frustrates his teachers. Andrew’s teachers    manipulating lab equipment at the
                        say he often turns up without the correct     same time.
                        books or equipment or having lost work
                        from the previous lesson.

Andrew the student

 Develop strategies that support Andrew            Provide Andrew with an electronic version
   to manage his own learning goals.                   of the school diary or planner and map that
 Use Andrew’s interest in computer                   he can upload on his iPad to remind him
   technology and mathematics to support               of his timetable, class location, homework
   and motivate him.                                   tasks and additional school requirements,
                                                       for example, the fact he needs a permission
 Encourage Andrew to monitor and manage              slip for the school visit to the planetarium.
   his own frustration levels. Discuss strategies
   available to him if he feels he needs to take     Consider applying to the New Zealand
   a break during a lesson.                            Qualifications Authority for a reader writer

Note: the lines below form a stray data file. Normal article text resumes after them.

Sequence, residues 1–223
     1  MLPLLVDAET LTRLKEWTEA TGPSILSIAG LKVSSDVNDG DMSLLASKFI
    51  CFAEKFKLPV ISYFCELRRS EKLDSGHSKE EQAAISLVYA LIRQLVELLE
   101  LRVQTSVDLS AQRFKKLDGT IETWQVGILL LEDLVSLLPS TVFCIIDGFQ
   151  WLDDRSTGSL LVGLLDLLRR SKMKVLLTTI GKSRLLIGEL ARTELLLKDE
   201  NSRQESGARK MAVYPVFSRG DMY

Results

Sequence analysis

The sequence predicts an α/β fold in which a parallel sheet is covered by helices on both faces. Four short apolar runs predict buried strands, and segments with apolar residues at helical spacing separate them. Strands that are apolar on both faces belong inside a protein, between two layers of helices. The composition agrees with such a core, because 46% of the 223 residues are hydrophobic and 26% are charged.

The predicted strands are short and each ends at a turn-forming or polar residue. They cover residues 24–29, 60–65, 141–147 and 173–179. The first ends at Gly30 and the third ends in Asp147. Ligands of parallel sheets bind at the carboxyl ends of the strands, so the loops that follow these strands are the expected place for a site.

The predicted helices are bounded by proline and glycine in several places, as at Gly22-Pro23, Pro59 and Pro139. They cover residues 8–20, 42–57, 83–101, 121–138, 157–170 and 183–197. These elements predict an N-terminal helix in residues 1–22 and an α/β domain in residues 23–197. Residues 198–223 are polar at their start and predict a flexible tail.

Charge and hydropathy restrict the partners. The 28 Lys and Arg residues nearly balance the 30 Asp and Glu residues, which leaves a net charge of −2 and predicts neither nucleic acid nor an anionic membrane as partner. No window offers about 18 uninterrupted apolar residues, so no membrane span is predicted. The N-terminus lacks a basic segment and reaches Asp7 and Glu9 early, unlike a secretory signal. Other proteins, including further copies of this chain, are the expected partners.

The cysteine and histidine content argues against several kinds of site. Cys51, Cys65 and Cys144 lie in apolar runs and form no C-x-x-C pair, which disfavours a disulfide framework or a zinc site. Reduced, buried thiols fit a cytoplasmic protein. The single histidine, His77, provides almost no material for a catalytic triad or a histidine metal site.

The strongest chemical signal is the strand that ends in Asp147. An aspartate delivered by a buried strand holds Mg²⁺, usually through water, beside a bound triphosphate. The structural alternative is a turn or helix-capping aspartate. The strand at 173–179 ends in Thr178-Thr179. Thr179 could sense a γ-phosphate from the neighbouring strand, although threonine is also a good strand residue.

to help Andrew complete exams and
 Whenever possible, involve Andrew in                prepare for NCEA.
   discussions about his progress and his
   preferences for additional classroom
   supports. Keep Andrew’s future aspirations
   and career pathways in mind when
   supporting him to select subject choices
   for NCEA Level 1.


                        Andrew’s learning environment

                         Think about any modifications you could            Present learning tasks in a range of formats
                           make to your class or school environment             and give students alternative methods for
                           that would benefit Andrew, as well as                demonstrating what they know and can do,
                           other students.                                      for example, they could present their work
                         Give students a range of seating options suited      orally, visually, or by using digital technology.
                           to students with different physical needs.         Intentionally model the use of a school
                         Provide written copies of lessons that repeat        diary or digital planner to teach Andrew